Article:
A new report finds a new main reason Americans were interested in using medical cannabis during 2020; a year many would like to forget.
The report was based details supplied by Veriheal, which has a database of around 125,000 patient assessments, and comparing sign-up and appointment numbers with Centre for Disease Control (CDC) COVID-19 tracker numbers.
While the researchers were expecting the majority of interest in cannabis would involve “Relief/Pain-Free,” the results indicated patients were most commonly looking to medical cannabis for alleviation of mental stresses in 2020. In addition to the coronavirus, other major events during the year also mentioned as a stressors were riots, protests and the US election.
““Happy/Bliss” was found to be the most desired effect while “Relief/Pain-Free” was the second by a much lesser degree,” says Veriheal.
“Happy/Bliss” was picked 46% of the time when patients were asked the reason for their desired effect when expressing interest in medical cannabis.
When it came to the point of a confirmed appointment, the primary reason for acquiring medical cannabis was “happy” among males (42%) and “relief” for females (39%), with Verihealth saying the latter was linked to women’s and reproductive health – issues such as menstrual cramps and menopausal pains.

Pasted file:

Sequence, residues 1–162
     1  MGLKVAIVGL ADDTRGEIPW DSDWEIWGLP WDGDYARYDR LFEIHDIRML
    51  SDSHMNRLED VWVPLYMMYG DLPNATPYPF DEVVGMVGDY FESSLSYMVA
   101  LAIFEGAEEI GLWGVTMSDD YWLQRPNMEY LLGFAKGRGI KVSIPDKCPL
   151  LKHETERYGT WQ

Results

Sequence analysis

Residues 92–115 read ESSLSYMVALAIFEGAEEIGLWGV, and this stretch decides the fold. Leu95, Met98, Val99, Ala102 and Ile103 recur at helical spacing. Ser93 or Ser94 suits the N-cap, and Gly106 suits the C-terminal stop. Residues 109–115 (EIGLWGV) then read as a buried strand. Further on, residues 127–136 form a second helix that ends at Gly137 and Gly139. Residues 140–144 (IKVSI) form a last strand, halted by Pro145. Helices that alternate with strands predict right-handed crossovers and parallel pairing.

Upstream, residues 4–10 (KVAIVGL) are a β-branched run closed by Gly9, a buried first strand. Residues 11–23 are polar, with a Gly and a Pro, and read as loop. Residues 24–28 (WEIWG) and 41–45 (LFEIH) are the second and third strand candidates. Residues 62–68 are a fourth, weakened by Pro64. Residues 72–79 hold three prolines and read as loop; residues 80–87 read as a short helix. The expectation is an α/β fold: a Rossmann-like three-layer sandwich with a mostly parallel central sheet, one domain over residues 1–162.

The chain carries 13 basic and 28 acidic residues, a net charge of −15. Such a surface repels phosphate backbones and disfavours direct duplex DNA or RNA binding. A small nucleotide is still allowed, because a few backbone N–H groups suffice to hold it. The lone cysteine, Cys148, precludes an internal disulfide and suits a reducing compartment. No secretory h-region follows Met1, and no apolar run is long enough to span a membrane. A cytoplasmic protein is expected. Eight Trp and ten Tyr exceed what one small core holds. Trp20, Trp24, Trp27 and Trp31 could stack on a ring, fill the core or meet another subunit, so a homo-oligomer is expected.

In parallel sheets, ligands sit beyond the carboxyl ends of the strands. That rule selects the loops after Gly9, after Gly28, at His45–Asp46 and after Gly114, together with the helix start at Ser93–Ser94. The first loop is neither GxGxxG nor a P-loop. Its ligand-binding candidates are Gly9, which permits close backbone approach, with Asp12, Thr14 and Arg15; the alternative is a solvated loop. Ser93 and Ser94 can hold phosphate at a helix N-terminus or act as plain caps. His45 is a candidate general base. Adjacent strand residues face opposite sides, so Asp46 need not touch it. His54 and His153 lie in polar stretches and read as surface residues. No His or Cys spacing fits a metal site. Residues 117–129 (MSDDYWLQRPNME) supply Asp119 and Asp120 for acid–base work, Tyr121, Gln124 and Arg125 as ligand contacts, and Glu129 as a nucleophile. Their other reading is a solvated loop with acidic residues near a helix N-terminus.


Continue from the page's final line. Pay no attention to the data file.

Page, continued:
Veriheal says the shift in interest could “potentially reshape the entire cannabis industry as more brands, doctors, and therapists pivot towards emotional healing with medical cannabis”.
But the question needs to be asked – is it healing or in some cases, simply a crutch – and one with the potential for negative long term impacts when used in such a way? Alcohol sales also grew significantly in the USA during 2020, which wasn’t seen as a particularly good thing from a health perspective. There can be a very fine line between use and abuse.
However, what’s not clear from the Veriheal report is the types of cannabis being sought. Unlike tetrahydrocannabinol (THC), the cannabinoid cannabidiol is non-intoxicating.
Veriheal also noted millennials (born 1981-1996) were the most likely to acquire a medical marijuana card in 2020, followed by Generations X (1965-1980) and Z (1997-2012).
The investigation was performed in collaboration with graduate students from The University of Maryland School of Pharmacy, The London School of Economics and Political Science, USC Marshall School of Business, CREA, and Cannaclub.
More detail can be viewed here.